When I work out how many washes my large container of washing powder does, I will let you know, all I know over 200 washes for less than £8 😀

As well as using soda crystals as an additive, I also use borax substitute and baking soda in the wash when I’m washing white clothes. The above post tells you my dosing instructions if you want to know more and the uses for these additives.

My semi home made fabric softener –

I still use fabric softener as I had quite a few bottles of comfort blue skies (£2 for 42 washes £0.5 per wash), lenor spring awakening (£2 for 40 washes £0.5p per wash) since they were on offer. I also bought asda star fruit and ambar fabric softener (£2 for 57 washes £0.4 per wash). When it runs out, hopefully I will skip the fabric softener because it is not good for clothes and full of dangerous chemicals.

I use asda white vinegar (£0.48 for 568ml) I buy a few of these bottles.

For scent, and also because they are both antibacterial, I use tea tree oil and zoflora citrus fresh to kill any thing bacterial that might be lurking in the washing machine.

To mix, I add one cup of fabric softener into a large bowl, then 2 cups of vinegar or sometimes I use 2 cups of fabric softener to 1 cup of vinegar although I will add water to the second mixture to dilute the fabric softener a bit and make it less concentrated. (read above for the benefits of using vinegar) and I keep doing this until I have made enough mixture to pour it into a 2litre bottle. I then use the lid of the zoflora and add as many capfuls of this plus drops of tea tree oil until I have the desired smell. Close the bottle and shake it up. My home made solution lasts me a very very very long time. If I have some at home, I’ll add some baking soda as this also naturally softens clothes.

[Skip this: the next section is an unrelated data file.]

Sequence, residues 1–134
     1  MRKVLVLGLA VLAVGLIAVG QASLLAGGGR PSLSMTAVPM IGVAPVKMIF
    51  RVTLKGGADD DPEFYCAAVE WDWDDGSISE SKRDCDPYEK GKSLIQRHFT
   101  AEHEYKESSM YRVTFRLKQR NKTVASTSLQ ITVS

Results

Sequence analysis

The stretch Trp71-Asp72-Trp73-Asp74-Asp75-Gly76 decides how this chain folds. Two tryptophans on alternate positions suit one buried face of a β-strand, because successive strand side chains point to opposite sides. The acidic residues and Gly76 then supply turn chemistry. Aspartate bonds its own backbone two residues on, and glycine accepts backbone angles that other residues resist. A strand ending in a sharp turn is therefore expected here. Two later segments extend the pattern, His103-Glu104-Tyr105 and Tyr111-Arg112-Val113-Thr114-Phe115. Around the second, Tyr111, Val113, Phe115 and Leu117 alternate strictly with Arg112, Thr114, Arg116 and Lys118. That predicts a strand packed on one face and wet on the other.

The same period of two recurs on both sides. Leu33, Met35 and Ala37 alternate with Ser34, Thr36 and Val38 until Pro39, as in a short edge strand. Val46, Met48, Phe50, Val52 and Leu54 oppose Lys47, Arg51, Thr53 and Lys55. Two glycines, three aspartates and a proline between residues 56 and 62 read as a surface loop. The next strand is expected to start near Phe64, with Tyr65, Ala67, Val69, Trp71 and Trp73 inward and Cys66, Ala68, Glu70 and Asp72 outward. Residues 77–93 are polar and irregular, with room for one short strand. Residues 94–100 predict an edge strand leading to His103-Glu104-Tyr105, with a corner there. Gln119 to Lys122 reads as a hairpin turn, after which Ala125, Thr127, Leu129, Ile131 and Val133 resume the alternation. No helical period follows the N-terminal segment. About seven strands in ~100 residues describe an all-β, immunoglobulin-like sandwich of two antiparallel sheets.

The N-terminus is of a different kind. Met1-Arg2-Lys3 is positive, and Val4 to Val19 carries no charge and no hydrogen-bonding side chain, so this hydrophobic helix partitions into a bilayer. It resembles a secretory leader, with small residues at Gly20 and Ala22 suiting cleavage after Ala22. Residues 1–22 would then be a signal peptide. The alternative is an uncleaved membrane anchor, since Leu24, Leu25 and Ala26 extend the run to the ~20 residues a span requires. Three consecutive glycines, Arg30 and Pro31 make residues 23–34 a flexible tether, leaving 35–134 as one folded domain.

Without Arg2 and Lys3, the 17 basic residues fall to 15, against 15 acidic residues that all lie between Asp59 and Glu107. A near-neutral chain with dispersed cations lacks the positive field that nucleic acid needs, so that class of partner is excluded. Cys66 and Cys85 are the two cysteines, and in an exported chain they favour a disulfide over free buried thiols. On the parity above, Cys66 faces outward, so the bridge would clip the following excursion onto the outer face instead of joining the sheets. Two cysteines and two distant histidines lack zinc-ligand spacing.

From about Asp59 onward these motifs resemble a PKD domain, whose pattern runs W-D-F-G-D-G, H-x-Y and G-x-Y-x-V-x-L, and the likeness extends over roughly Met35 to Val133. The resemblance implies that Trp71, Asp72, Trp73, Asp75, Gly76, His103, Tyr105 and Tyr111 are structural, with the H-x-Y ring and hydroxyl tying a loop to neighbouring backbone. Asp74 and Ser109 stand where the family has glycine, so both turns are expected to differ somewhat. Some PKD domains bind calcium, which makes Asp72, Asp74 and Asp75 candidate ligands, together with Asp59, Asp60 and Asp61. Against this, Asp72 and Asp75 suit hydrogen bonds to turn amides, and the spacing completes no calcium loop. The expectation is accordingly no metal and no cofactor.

I assume that by ‘fabric softener’ you are referring to something added to the final rinse. Fabric softeners are not rinsed off and work because the chemicals remain on the fabric. Thus they may come in contact with skin.

You mention using a home-made fabric softener containing Zoflora – a disinfectant. Type in ‘Zoflora MSDS’ into Google and you will see descriptions including ‘harmful in contact with skin’ and ‘may produce an allergic reaction’. I would be concerned about the other components of your fabric softener too.

No-one needs to use fabric conditioners and I would think very carefully before exposing a new child to a cocktail of chemicals that could cause skin irritation or worse. Using a minimum amount of detergent and additional rinsing will certainly help to remove detergent residues. I hope all goes well with the birth of your baby.

Jason says:
16 February 2014

Does anyone know if detergents containing oxygen based bleaching agents sanitise underwear or do you need a sanitizer such as the Dettol Anti-bacterial?